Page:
The French have banned the Burqa and the Niqab. The new law passed 355-1 (with the Socialists shamefully abstaining) bans both the wearing a face covering, which is lightly penalised by a £120 fine, and the forcing of someone to wear a face covering, which is heavily penalised by a year in jail and/or £25,000 fine.
This law has drawn criticism and praise in roughly equal measure. Burqas are vile symbols of oppression, but criminalising them is never the answer. I agree with Carl when he approvingly quotes Kenan Malik:
The burqa is a symbol of the oppression of women, not its cause. If legislators really want to help Muslim women, they could begin not by banning the burqa, but by challenging the policies and processes that marginalize migrant communities: on the one hand, the racism, social discrimination and police harassment that all too often disfigure migrant lives, and, on the other, the multicultural policies that treat minorities as members of ethnic groups rather than as citizens. Both help sideline migrant communities, aid the standing of conservative ‘community leaders’ and make life more difficult for women and other disadvantaged groups within those communities.
But, I don’t want to dwell on the politics of this. I don’t know enough about French Parliamentary politics to enlighten you and I consider this ban unambiguously wrong-headed on principle.
Instead, what I want to highlight is that few people want to defend this law as a necessary firkin of authoritarianism in our sea of liberalism; even though few things are as petty and illiberal as banning a particular type of clothing.  Many people seem comfortable defending the idea of a ban as a liberal measure in itself. The intellectual contortion involved in describing a ban as liberal is quite fascinating to behold. If we start from Mill’s Harm Principle it is hard to see how we could justify this ban:
The only purpose for which power can be rightfully exercised over any member of a civilized community, against his will, is to prevent harm to others.
But justify it they do! Of course there are limits to liberalism embodied in this principle and if you squint your eyes and tilt your head just so, then you can just about make out how a law banning some clothing can be liberal. Below are these (poor) liberal authoritarian arguments distilled:
- People are entitled to freedom of religion, but I don’t think wearing a Burqa is a religious obligation, therefore banning it is not illiberal.
- These women are currently oppressed by their spouse/father/brother therefore using the oppressive power of the state to ban their activities actually empowers them. They are all being harmed by the burqa therefore banning it is not illiberal.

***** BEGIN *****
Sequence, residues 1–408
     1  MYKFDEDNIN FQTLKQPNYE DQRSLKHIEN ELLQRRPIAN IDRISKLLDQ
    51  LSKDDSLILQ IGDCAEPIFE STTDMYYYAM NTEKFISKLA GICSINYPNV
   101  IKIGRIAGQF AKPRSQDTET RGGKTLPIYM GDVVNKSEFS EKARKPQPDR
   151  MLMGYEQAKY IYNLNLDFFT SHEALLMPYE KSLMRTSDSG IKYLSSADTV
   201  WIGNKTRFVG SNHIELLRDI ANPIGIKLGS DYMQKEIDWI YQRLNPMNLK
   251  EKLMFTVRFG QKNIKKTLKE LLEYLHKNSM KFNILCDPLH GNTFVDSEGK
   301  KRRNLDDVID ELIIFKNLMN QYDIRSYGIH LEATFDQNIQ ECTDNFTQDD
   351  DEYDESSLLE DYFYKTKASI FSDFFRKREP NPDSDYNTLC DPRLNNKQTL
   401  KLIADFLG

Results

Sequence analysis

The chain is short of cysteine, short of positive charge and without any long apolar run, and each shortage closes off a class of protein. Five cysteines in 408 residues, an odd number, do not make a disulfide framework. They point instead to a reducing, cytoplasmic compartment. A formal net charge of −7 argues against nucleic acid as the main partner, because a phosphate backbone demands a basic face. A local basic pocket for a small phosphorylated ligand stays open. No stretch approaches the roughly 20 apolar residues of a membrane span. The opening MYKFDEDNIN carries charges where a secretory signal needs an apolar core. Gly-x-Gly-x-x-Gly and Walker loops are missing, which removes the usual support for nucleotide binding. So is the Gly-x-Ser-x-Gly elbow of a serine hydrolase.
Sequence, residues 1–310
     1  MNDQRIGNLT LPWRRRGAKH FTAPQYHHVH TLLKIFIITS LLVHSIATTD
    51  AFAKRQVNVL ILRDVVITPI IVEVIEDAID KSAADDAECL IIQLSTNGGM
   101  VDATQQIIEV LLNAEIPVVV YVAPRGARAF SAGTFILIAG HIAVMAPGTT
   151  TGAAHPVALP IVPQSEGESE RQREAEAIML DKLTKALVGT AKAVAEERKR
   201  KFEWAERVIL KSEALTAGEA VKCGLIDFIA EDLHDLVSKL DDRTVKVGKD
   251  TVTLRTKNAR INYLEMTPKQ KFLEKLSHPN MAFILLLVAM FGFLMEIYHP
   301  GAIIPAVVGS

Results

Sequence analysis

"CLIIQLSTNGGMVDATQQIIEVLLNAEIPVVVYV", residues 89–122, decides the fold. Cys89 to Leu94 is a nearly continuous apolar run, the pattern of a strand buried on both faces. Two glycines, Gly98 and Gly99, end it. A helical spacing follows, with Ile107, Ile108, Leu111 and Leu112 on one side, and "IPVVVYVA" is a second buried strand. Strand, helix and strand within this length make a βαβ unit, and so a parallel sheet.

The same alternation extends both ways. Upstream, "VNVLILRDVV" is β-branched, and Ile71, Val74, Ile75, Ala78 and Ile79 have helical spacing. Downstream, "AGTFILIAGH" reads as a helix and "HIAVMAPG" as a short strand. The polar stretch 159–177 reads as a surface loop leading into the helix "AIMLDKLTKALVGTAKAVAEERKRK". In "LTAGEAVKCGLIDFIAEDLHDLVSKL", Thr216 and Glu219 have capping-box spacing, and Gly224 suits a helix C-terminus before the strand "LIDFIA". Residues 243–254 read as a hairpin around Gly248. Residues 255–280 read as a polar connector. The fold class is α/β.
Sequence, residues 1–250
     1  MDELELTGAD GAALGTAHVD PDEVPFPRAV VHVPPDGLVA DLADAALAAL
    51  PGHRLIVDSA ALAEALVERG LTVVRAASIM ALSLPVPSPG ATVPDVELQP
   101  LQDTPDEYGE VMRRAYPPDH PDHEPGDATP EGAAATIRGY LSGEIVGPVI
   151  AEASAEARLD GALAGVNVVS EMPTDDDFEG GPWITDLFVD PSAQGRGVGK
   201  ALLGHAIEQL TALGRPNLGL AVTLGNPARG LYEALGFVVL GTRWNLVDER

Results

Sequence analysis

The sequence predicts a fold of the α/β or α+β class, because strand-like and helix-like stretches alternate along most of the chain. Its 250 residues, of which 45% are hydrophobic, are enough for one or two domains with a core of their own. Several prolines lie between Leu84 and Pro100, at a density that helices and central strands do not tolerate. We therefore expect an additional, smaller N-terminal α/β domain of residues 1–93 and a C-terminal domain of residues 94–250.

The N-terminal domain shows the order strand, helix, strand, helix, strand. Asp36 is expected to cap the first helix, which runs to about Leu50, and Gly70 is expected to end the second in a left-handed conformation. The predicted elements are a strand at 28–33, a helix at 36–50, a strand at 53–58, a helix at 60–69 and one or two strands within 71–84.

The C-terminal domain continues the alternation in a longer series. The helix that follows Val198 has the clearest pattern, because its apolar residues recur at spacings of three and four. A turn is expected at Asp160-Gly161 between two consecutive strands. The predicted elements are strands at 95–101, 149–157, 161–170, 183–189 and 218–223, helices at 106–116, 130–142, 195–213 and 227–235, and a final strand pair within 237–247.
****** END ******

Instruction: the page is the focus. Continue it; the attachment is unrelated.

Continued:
- A burqa is a disguise which can be used by criminals. As crime causes harm to others the state should act to prevent it, that is why it has a monopoly on legitimate violence within a certain area. Burqas are little more than disguises for criminals, therefore banning it is not illiberal.
I’ve seen all these arguments deployed and every one of them torn down. What the weaknesses of these arguments show is that liberalism is in the ascendant even as we continue to see authoritarianism around us. It is now deeply unfashionable to be an authoritarian.
I don’t think this is a positive development.
Mill deployed the Harm Principle with a reasonably well delineated concept of harm. However, recently harm has taken on a more and more diffuse meaning. From left wingers supporting a smoking ban to prevent “harm” to bar staff to right wingers suggesting that burqas “harm” people by being an effective disguise, this unfocussed us of “harm” weakens the cause of liberalism as a positive political philosophy.
The language of liberalism has become the language used to legitimate coercion. Quite often coercion is necessary and just, but all too often coercion is deployed not to protect people, but to impose a tyranny against an otherwise law-abiding minority. If authoritarians are not exposed for what they are, and their capture of liberalism not challenged, fighting for people’s freedoms from a principled and pragmatic liberal perspective will become impossible.
Sadly authoritarianism hasn’t gone away, it has just but on a disguise. 
 The pettiness confuses me the most. Why even bother banning the burqa and niqab when under 2000 people wear these sorts of veils? I guess this is why I’d make a bad authoritarian, if I was a legislator you couldn’t get me out of bed for that sort of nonsense.
 Probably a burqa…
[This is rather good too, from Laurie Penny]